The exhibit organized by Hadee also featured art and design displays; handicrafts and calligraphy; musical performances; workshops from experts on block-making; boat-painting; batik-fabric painting; and local culinary demonstrations, among other activities.

“We wanted to promote local identity, local culture, local heritage, local costume, and local knowledge,” said Hadee, who belongs to Melayu Living, an artists’ cooperative based in Pattani.

One of the show’s art pieces, “Field Work” by architect-artist Savinee Buranasilapin, was an installation featuring 600 small circular mirrors each mounted on steel rods planted in the middle of salt flats, at Na Kluea Laem Nok, just outside the city. The concept behind it was to reflect Pattani’s past salt trade when merchant ships docked here near the city’s glittering lights.

A worker walks by a pop-up Burger bus café during an arts and design festival in Pattani city, Thailand, Sept. 2, 2022. [Subel Rai Bhandari/BenarNews]

For his exhibition, Nattapon Pichairat, 40, an artist and fabric designer, drew plants found around salt fields on paper and later printed them digitally on fabric to “reposition and redesign perception.”

“I chose plants because they are these beautiful little objects that bring such immense joy and feeling of peace … I want to tell others about the beauty and nature of Pattani and nearby areas,” he said, adding he wanted to “reimagine the city as a cultural hub.”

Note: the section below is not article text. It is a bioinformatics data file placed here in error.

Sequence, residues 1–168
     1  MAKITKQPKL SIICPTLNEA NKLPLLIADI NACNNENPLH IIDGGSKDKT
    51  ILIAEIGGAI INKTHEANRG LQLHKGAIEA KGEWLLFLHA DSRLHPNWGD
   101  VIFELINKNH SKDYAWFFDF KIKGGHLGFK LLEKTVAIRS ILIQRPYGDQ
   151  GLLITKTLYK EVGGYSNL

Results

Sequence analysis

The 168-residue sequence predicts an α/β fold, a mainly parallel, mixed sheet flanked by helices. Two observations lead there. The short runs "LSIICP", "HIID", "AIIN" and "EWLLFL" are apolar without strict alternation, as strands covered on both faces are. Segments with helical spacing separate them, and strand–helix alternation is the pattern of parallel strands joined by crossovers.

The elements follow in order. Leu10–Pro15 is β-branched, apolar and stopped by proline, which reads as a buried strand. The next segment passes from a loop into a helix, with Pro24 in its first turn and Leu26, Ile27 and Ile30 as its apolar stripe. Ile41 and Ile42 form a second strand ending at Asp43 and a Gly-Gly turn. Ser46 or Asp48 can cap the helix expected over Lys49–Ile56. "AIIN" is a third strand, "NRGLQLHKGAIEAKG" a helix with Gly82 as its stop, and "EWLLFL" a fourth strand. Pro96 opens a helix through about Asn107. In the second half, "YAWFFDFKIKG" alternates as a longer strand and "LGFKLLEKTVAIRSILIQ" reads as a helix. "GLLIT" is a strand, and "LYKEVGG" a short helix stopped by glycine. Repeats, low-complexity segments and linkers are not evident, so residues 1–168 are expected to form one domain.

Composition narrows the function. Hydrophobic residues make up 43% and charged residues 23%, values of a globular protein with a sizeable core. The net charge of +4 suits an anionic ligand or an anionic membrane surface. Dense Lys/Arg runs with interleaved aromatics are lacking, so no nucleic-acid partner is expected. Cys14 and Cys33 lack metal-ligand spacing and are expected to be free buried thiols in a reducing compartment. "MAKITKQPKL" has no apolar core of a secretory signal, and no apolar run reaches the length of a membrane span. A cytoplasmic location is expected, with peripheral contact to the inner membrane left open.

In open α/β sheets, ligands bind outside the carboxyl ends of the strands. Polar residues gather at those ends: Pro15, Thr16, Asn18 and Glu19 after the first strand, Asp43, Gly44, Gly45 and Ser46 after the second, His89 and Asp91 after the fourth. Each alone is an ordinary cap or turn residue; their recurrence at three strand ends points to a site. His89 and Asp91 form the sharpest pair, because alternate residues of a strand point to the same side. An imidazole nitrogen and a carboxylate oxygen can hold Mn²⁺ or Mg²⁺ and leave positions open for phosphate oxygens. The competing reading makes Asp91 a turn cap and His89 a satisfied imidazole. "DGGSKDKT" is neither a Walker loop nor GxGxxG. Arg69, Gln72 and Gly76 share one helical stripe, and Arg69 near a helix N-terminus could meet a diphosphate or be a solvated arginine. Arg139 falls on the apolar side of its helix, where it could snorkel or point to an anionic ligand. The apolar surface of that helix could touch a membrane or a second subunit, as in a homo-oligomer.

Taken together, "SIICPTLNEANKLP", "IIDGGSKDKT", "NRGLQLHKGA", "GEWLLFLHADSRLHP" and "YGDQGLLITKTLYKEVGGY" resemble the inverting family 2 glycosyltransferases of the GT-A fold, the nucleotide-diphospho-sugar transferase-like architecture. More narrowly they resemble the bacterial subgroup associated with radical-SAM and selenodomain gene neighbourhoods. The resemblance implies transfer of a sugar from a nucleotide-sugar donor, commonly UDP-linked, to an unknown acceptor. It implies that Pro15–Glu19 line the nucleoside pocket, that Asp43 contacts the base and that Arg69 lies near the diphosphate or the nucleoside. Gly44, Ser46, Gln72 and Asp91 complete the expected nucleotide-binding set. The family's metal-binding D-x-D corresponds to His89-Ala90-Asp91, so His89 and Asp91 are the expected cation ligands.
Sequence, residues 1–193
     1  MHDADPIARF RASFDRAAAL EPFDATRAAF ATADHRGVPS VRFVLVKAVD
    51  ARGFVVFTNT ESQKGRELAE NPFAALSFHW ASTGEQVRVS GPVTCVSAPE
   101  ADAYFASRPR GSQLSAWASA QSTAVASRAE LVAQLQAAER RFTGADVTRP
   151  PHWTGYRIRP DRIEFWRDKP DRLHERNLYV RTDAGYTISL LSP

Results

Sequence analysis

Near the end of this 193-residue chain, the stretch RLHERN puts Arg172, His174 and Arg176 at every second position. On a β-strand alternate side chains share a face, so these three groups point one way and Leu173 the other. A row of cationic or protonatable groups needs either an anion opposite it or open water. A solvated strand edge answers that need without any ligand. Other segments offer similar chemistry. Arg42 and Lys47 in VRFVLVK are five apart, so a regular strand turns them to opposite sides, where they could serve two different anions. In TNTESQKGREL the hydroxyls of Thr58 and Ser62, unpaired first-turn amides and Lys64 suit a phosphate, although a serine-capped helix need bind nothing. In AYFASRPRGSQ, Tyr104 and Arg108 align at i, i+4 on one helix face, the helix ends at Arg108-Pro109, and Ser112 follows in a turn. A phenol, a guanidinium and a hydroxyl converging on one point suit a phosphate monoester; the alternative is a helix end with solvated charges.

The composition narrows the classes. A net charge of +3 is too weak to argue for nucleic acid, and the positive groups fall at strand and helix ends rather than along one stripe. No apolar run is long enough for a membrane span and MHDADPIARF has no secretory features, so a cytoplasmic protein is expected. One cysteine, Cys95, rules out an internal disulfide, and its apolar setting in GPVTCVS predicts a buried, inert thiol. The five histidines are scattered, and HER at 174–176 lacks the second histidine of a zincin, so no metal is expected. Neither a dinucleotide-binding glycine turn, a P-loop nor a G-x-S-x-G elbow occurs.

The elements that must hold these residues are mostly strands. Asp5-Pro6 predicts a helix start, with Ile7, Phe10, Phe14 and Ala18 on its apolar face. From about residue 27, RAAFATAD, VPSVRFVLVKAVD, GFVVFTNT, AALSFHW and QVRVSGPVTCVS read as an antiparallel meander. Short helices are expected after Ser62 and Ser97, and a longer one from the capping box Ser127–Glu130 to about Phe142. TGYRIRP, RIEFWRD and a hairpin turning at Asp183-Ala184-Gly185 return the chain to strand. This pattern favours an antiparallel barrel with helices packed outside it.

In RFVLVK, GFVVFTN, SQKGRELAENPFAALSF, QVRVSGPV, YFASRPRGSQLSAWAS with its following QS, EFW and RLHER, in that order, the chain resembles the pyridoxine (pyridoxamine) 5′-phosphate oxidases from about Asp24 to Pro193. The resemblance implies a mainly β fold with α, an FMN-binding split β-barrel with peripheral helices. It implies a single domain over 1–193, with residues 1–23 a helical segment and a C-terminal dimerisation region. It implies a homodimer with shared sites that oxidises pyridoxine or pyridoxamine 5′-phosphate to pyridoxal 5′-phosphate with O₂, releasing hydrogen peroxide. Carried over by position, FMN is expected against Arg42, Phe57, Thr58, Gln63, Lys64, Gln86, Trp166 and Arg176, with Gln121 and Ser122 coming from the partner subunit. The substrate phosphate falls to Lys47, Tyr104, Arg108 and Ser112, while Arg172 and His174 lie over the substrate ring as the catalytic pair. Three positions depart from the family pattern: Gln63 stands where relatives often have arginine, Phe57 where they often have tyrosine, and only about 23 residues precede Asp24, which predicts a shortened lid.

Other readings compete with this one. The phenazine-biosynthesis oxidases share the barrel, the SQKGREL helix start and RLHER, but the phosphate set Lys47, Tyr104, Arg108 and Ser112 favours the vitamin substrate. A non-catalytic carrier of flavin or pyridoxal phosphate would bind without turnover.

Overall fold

In “Le Sel de La Vie [the Salt of Life],” Emsophian Benjametha showcased handcrafted ceramic items inspired by Pattani’s “sweet salt” from the production process to the destination.

“Without salt, there is no life. Without life, there is no art. Without art, there is no civilization,” he said.

“Everyone is welcome in Pattani, a small city with a big heart and a very long and rich history. It’s not bombs and danger. There are many good things here: crafts, design, food, the old houses,” Emsophian, a 43-year-old designer and artist trained in France, told BenarNews. 

Artist Emsophian Benjametha poses behind his artwork, “the Salt of Life,” during an exhibition in Pattani city, Thailand, Sept. 2, 2022. [Subel Rai Bhandari/BenarNews]

The region that now makes up the Deep South was once the heart of a Muslim principality that included several neighboring provinces. The British gave it to Thailand, which annexed the region in 1909. Secessionist groups have been waging a rebellion since the 1960s.

Rueanglada Punyalikhit, a lecturer at Silpakorn University, said events like “Deep Salt” help the region to shed its violence-ridden identity. 

As part of that effort, she said she was helping local entrepreneurs develop innovative natural products, including herbs, food, drinks, textile, and crafts, made from locally available raw materials.

“It is not justified that only violence defines your identity,” Rueanglada told BenarNews. “From the outside, the situation does not look good due to the news about violence. But when you come here, you can see that life is normal, and it’s not dangerous as others think.”